Saturday, April 14, 2012

#105 / The Past Resists The Future

I received Stephen King's recent book, 11/22/63, as a Christmas present, and I promptly read it. It's about time travel (among other things), and the book suggests that if it were possible to go back into the past, and to take actions there to change the future, the past would "resist," and make it difficult (though not impossible) to make the future different.

King's book could serve as a cautionary tale about what would actually happen if it were, indeed, possible to utilize time travel techniques to alter the past so as to achieve what might be anticipated to be a "better" future. Time travel with that future-changing objective in mind, the way King presents it, is probably worse even than a generalized release of genetically-modified organisms into our natural environment, hoping that all will be well.

Despite the fact that time travel is not (a current) option, people are, apparently, writing about it, and there seems to be something of a consensus that the past (or the "universe") would resist attempts to make changes in the past that are intended to achieve a different and better future. This topic was addressed in the Friday, April 13th column by Jon Carroll, who wrote previously about 11/22/63. In this recent column, Carroll references time travel novels written by Connie Willis, which novels also indicate that the universe would resist time travel-based efforts to alter the past so as to modify the future.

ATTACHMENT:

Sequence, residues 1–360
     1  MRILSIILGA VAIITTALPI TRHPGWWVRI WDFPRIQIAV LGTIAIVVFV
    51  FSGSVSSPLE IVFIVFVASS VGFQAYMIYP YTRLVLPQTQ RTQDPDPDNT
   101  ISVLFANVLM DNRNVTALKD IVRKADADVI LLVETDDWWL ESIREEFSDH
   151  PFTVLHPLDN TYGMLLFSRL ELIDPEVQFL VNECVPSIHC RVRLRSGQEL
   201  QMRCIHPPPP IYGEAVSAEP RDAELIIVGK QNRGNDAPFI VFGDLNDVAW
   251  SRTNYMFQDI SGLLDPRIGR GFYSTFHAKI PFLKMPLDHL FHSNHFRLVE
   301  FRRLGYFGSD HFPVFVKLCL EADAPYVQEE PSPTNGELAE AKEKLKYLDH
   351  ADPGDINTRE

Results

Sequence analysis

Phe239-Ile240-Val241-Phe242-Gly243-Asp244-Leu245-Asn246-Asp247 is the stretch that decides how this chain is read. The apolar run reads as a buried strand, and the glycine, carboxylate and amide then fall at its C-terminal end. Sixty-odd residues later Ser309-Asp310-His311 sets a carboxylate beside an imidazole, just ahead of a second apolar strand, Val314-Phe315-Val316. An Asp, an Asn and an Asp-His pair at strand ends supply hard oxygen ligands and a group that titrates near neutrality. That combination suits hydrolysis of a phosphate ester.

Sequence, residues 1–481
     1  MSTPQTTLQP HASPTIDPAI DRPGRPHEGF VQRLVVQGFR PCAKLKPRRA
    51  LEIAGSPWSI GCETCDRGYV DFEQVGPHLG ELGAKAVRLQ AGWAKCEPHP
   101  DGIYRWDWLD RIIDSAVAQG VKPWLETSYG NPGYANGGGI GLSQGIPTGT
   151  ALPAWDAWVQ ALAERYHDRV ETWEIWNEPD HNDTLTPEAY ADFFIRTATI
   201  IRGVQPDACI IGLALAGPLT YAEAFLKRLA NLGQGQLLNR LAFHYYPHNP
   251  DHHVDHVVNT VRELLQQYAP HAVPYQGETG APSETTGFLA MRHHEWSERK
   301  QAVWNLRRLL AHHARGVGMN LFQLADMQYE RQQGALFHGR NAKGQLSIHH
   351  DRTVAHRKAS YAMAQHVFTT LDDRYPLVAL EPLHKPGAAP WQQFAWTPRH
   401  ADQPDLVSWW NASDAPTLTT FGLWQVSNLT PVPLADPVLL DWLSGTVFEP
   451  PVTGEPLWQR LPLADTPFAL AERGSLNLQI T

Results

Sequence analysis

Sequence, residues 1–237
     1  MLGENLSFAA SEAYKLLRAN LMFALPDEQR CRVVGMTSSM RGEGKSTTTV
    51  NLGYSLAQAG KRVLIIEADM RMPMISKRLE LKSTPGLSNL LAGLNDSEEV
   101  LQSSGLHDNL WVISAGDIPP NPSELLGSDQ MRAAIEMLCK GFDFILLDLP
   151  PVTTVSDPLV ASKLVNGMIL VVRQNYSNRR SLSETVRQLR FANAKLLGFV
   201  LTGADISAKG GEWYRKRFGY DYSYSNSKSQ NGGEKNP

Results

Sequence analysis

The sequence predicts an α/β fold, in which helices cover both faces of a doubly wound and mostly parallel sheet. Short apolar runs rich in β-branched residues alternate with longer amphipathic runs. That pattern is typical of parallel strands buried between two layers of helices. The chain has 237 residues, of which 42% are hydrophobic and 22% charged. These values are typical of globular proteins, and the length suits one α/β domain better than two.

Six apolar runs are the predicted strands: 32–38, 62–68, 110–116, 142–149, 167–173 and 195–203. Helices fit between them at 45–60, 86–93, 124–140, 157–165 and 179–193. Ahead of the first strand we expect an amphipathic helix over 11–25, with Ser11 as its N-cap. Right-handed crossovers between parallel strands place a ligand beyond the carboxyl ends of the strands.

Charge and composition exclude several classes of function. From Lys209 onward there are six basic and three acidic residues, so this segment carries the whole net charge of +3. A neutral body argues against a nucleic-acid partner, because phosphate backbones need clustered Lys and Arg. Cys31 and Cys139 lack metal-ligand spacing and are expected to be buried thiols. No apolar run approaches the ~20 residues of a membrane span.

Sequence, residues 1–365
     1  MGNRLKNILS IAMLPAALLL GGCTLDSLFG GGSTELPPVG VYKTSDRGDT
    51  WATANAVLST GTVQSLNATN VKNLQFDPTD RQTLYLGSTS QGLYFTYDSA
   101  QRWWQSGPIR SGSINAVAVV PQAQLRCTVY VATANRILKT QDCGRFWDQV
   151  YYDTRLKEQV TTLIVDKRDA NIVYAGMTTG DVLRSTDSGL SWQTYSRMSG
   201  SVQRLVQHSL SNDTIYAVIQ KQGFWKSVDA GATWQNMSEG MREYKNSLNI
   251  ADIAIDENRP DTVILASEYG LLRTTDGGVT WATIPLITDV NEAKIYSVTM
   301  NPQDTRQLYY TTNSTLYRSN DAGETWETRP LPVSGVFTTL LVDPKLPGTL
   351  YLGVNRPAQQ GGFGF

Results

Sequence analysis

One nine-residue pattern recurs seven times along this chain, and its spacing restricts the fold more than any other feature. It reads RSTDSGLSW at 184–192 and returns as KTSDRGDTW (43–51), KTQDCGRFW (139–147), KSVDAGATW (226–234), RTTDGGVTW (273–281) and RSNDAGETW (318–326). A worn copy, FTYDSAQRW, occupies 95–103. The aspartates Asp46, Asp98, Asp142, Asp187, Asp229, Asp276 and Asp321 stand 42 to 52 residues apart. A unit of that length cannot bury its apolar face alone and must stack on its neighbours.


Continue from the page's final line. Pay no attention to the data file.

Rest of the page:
Without the need for science fiction, or for the yet unattainable option of time travel, I'd like to point out that the past resists the future right now, as a basic principle underlying the human reality in which we live.

History has a "momentum" created by our past actions, and this momentum carries us forward into the future on a pathway that is most determined by the "past," and not by our immediately "present" actions. I think the nautical metaphor captures this the best, which is why I have already written about how difficult it is to change our course on the "ship of state."

Difficult, but not impossible. The past "resists," but the future is ours to make. We just need to change direction, then "hang on."

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